The Four Step Model Of Speech Processing

2 November, 2020
Steps: 1. What does the speech mean? 2. What is the emotional significance of that meaning? 3. How true is the meaning? 4. If probably not true, reduce the intensity of the emotion. With music, stop after Step 2.

The Four Step Model

Given that a speaker has spoken some words directed at the listener, the listener processes that speech as follows:

  1. Determine the meaning of what was said.
  2. Determine the emotional significance of the meaning of what was said.
  3. Evaluate the truth value of what was said. That is, form an opinion about how true it is, or how likely it is to be true.
  4. If the meaning probably isn't true, reduce the intensity of emotion accordingly.

This can be shown in the following dataflow diagram:

(The diagram makes it clear that the model is not strictly sequential, as steps 2 and 3 do not depend on each other.)

The Four Step Model, With Music

If the spoken words are embedded in music, then the music results in the following altered version of the Four Step Model:

  1. Determine the meaning of what was said.
  2. Determine the emotional significance of the meaning of what was said.
  3. THE END.

In other words, the effect of music is to stop Step 3 from happening, and as a result, Step 4 does not happen, as shown in the following variation of the first diagram:

The consequence of this suppression is that music leaves the listener's brain in a state where:

Hypothetical Meanings, in General

Hypothetical meanings can be derived from sources other than the content of speech, and music acts similarly on the processing of those meanings.

That is, without music:

And, with music:

Two major examples of such non-speech-derived hypothetical meaning, which can be affected by listening to music, are:

  1. Video and film content, either narrative film accompanied by a musical score, or, a music video created as an accompaniment to a musical item.
  2. The music listener's own private thoughts.

The Adaptiveness of Music's Suppression of Truth Evaluation

The Four Step Model accounts for the subjective experience of music, and how it interacts with our thoughts and emotions.

But why should music exist at all, and why should it have such an effect?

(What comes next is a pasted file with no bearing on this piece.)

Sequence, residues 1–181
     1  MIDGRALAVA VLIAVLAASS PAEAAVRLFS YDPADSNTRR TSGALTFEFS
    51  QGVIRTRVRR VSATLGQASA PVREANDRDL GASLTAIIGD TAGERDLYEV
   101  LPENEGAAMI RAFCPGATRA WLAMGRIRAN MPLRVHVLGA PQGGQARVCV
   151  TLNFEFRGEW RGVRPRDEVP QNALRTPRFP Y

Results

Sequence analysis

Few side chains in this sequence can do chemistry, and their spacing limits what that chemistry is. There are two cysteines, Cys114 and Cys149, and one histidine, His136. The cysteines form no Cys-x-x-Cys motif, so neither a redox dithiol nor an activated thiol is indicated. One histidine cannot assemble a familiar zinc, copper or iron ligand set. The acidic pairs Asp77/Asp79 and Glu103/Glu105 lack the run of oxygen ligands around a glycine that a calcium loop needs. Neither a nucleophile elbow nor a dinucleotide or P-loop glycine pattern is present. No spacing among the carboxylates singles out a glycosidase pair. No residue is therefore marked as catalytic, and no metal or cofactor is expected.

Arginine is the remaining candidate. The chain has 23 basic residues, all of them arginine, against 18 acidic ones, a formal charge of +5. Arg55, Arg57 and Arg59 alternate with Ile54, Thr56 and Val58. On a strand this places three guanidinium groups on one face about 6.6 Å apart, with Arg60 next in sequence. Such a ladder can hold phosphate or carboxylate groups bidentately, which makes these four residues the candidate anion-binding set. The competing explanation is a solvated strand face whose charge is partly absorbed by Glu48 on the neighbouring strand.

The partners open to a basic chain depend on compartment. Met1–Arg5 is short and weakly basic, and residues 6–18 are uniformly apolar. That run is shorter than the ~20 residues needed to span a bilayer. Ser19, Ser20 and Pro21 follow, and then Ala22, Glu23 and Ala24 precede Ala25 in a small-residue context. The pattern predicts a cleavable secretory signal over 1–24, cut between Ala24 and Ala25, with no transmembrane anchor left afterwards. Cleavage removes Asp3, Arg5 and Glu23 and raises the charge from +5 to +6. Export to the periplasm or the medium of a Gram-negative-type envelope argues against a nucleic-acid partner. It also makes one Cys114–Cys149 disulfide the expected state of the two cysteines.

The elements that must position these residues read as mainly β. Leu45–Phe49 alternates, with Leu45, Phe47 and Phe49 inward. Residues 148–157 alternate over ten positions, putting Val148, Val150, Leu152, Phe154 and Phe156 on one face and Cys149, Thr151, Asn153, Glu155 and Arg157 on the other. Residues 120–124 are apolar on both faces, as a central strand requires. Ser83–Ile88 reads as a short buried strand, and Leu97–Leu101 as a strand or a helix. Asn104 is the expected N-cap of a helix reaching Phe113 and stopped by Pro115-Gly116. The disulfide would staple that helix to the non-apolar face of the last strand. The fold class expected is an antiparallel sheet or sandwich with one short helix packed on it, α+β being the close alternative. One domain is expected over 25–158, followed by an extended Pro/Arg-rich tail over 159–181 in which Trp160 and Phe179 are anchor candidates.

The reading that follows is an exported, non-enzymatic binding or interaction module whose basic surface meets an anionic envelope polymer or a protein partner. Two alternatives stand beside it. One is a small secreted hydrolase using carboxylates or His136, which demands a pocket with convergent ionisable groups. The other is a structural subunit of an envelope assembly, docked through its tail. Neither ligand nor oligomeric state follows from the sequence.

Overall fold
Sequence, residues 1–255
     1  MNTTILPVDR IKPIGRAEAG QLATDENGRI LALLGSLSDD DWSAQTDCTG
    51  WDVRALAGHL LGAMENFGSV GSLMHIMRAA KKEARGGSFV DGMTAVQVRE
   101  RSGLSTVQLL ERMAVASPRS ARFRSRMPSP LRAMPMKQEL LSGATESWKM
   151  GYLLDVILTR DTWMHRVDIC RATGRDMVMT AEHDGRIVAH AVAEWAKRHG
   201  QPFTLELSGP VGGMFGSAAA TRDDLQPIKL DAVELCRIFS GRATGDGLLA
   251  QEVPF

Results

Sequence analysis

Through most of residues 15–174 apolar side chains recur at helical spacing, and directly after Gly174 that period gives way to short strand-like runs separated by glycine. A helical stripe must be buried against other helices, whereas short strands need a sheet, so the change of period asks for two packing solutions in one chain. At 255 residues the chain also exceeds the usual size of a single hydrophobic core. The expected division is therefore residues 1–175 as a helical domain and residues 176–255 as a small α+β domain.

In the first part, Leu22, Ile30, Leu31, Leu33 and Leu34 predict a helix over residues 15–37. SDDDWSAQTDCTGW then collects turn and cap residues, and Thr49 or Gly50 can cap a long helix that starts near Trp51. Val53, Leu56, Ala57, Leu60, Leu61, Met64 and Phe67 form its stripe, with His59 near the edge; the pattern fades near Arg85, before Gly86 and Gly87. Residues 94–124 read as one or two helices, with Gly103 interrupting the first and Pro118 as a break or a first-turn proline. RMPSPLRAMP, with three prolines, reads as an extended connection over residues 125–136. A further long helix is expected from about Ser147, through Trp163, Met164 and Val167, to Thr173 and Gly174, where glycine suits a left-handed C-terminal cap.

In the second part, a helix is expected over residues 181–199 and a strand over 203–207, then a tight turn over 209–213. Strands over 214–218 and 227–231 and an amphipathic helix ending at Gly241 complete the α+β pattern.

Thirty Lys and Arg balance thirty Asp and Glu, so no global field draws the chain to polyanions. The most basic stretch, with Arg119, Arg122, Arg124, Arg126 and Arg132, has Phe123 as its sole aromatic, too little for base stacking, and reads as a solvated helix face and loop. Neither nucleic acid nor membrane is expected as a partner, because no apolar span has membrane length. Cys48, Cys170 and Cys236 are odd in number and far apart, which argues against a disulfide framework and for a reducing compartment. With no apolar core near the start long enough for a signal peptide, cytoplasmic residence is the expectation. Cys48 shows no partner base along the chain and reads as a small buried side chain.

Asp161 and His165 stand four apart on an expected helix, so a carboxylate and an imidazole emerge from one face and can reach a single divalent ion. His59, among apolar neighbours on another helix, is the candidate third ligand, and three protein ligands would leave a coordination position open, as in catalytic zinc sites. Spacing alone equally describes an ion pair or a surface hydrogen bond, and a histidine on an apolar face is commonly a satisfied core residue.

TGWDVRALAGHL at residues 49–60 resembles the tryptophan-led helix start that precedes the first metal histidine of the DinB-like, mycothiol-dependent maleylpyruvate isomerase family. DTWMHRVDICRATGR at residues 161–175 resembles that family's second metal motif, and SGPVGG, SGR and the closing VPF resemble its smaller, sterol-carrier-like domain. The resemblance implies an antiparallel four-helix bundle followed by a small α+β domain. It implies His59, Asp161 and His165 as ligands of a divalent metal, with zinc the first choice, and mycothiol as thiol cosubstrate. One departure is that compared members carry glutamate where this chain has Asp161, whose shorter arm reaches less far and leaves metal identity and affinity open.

We can plausibly account for music as an adaptation, if we suppose that music is a superstimulus for the perception of non-spontaneity in conversational speech.

The adaptive rationale for suppression of truth evaluation follows from the following logic:

In normal speech, even when a speaker is being consciously less spontaneous, this will not generally result in a complete suppression of truth evaluation.

However, music, is a superstimulus. And if the intensity of the superstimulus is strong enough, then the resulting suppression will be an almost complete suppression, and this suppression will only cease when the music stops.

The Adaptiveness of Music

This theory of music as a superstimulus suggests that music is not itself adaptive.

However, music has existed in some form for a long time, at least 42,000 years, and possibly much longer.

If music really served no useful function in itself, we might expect that the human species would have evolved some kind of resistance to what is in effect a false stimulus.

But this hasn't happened – music continues to exist, and it continues to have a strong effect on most people, and people continue to devote considerable time and effort to the making and consumption of music.

This suggests that music does serve some intrinsic purpose.

I concluded above that music causes a state of mind in which:

If music is somehow adaptive, it must be because there is some adaptive advantage in being able to enter into such a state of mind, that is, to experience fully emotions which are attached to purely hypothetical meanings.